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Papers of the Week

Papers: 3 Jun 2023 - 9 Jun 2023

Basic Science

Animal Studies, Molecular/Cellular, Pharmacology/Drug Development

Neuropathic Pain

2023 Jun 07

ACS Chem Neurosci


Mitochondrial-Derived Peptide MOTS-c Ameliorates Spared Nerve Injury-Induced Neuropathic Pain in Mice by Inhibiting Microglia Activation and Neuronal Oxidative Damage in the Spinal Cord the AMPK Pathway.


Jiang J, Xu L, Yang L, Liu S, Wang Z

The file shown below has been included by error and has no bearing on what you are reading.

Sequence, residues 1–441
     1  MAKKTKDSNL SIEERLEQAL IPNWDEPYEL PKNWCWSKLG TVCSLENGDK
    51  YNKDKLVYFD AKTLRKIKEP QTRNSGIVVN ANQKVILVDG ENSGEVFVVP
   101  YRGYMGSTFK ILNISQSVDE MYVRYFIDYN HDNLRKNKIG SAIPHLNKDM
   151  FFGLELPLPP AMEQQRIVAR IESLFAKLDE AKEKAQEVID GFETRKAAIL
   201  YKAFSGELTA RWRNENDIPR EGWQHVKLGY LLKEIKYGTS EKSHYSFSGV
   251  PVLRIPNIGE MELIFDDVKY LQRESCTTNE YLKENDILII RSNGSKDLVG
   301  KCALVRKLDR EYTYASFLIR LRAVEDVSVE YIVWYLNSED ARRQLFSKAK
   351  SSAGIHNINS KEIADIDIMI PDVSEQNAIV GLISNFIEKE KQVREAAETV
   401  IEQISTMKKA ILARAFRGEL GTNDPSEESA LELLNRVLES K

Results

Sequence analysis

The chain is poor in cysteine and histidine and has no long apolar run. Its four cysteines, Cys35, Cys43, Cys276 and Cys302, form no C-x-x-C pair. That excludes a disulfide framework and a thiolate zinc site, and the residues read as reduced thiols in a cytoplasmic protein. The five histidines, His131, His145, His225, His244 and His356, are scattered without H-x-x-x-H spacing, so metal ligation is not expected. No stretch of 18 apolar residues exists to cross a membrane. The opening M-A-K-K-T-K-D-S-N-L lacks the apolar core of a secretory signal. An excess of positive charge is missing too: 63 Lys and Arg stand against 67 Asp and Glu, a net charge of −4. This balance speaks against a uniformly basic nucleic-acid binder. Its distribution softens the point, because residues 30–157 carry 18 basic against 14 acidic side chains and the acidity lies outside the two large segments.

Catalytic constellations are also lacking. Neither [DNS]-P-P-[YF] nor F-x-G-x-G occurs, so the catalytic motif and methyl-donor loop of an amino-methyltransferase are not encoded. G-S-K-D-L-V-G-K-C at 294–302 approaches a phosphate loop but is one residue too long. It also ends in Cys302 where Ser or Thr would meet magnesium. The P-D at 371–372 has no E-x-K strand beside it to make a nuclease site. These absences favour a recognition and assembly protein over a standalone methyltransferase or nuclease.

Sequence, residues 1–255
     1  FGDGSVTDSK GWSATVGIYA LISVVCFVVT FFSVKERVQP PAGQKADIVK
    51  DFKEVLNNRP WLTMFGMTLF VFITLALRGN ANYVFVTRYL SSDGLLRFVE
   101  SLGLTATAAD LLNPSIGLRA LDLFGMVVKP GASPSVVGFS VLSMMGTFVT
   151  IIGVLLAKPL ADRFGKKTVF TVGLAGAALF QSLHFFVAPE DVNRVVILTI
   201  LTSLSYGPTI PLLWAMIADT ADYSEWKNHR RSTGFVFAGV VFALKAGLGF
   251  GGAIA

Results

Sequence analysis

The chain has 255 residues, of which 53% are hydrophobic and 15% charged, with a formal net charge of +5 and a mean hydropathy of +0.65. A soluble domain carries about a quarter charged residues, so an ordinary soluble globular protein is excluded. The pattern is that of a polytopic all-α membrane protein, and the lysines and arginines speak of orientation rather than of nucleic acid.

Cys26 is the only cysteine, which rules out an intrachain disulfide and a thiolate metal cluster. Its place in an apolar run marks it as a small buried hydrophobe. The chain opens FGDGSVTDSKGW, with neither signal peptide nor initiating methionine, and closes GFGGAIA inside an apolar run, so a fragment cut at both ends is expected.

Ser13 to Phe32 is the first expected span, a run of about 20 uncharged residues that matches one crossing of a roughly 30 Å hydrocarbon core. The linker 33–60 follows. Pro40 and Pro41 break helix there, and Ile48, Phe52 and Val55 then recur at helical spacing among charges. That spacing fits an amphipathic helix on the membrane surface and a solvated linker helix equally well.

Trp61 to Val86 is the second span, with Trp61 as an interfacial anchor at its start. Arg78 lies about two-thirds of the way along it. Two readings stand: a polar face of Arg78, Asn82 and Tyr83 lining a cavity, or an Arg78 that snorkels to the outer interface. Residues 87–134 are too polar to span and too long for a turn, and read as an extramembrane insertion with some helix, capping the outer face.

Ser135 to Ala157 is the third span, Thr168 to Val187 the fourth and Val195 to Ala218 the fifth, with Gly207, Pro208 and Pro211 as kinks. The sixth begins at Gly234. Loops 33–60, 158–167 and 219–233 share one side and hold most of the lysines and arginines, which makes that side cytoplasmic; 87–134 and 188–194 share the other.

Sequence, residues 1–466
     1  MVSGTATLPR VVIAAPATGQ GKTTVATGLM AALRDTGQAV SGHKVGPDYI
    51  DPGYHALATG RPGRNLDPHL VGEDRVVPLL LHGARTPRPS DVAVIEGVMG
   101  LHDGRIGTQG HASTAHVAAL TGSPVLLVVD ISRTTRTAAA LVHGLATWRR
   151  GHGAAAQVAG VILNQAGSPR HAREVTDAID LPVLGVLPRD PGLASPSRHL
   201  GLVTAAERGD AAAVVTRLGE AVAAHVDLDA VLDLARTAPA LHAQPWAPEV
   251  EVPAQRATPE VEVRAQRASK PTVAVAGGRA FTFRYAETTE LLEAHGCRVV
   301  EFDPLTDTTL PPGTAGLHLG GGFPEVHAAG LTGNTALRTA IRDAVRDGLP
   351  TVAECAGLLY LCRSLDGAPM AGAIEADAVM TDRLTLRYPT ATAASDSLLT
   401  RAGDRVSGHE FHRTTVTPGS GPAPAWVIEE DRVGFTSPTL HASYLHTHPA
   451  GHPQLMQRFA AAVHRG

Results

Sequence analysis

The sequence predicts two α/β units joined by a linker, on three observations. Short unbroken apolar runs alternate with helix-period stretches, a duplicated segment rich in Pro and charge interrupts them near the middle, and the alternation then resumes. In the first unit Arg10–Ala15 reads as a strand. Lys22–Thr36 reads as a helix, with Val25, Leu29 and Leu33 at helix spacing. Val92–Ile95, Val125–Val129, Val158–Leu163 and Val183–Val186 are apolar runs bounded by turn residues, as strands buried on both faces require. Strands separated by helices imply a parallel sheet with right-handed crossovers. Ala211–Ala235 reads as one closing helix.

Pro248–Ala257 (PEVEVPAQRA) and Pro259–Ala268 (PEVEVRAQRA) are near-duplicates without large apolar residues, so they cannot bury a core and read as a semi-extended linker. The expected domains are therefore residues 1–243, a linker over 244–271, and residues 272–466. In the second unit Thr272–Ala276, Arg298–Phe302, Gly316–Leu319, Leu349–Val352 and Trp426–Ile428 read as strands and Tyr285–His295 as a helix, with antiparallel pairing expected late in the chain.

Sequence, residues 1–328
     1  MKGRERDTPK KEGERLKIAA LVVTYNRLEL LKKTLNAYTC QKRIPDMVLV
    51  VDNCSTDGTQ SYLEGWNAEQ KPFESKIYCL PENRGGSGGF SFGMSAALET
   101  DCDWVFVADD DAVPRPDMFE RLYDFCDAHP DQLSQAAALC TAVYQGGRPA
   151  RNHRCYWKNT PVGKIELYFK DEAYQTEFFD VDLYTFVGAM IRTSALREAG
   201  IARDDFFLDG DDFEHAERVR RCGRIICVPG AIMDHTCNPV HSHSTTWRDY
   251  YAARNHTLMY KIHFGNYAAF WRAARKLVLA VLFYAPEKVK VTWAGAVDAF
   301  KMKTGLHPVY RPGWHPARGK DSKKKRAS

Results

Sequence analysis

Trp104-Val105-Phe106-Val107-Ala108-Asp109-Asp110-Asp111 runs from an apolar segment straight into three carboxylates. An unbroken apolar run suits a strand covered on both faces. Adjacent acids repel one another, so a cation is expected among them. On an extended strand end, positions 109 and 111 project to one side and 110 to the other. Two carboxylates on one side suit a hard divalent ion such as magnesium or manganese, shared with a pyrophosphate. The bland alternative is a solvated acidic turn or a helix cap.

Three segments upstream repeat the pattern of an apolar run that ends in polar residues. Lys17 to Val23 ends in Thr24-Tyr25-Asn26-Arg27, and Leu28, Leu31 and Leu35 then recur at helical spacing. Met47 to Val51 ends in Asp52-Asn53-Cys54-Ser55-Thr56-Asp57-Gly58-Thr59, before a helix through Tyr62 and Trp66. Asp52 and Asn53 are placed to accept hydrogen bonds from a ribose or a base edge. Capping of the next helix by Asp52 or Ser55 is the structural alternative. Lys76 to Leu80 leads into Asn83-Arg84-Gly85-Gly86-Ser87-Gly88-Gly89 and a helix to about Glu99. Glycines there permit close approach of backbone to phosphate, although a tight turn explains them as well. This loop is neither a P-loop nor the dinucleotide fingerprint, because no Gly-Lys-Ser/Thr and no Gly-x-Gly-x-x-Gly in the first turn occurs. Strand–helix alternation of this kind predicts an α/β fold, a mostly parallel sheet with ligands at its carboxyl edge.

MOTS-c, a recently discovered mitochondrial-derived peptide, plays an important role in many physiological and pathological functions adenosine monophosphate-activated protein kinase (AMPK) activation. Numerous studies have demonstrated that AMPK is an emerging target for the modulation of neuropathic pain. Meanwhile, microglia-activation-evoked neuroinflammation is known to contribute to the development and progression of neuropathic pain. MOTS-c is also known to inhibit microglia activation, chemokine and cytokine expression, and innate immune responses. Accordingly, in this study, we evaluated the effects of MOTS-c on neuropathic pain and investigated the putative underlying mechanisms. We found that MOTS-c levels in plasma and spinal dorsal horn were significantly lower in mice with spared nerve injury (SNI)-induced neuropathic pain than in control animals. Accordingly, MOTS-c treatment produced pronounced dose-dependent antinociceptive effects in SNI mice; however, these effects were blocked by dorsomorphin, an AMPK inhibitor, but not naloxone, a nonselective opioid receptor antagonist. Moreover, intrathecal (i.t.) injection of MOTS-c significantly enhanced AMPKα phosphorylation in the lumbar spinal cord of SNI mice. MOTS-c also significantly inhibited proinflammatory cytokine production and microglia activation in the spinal cord. The antinociceptive effects of MOTS-c were retained even when microglia activation in the spinal cord was inhibited by minocycline pretreatment, indicating that spinal cord microglia are dispensable for the antiallodynic effects of MOTS-c. In the spinal dorsal horn, MOTS-c treatment inhibited c-Fos expression and oxidative damage mainly in neurons rather than microglia. Finally, in contrast to morphine, i.t. administration of MOTS-c resulted in limited side effects relating to antinociceptive tolerance, gastrointestinal transit inhibition, locomotor function, and motor coordination. Collectively, the present study is the first to provide evidence that MOTS-c may be a promising therapeutic target for neuropathic pain.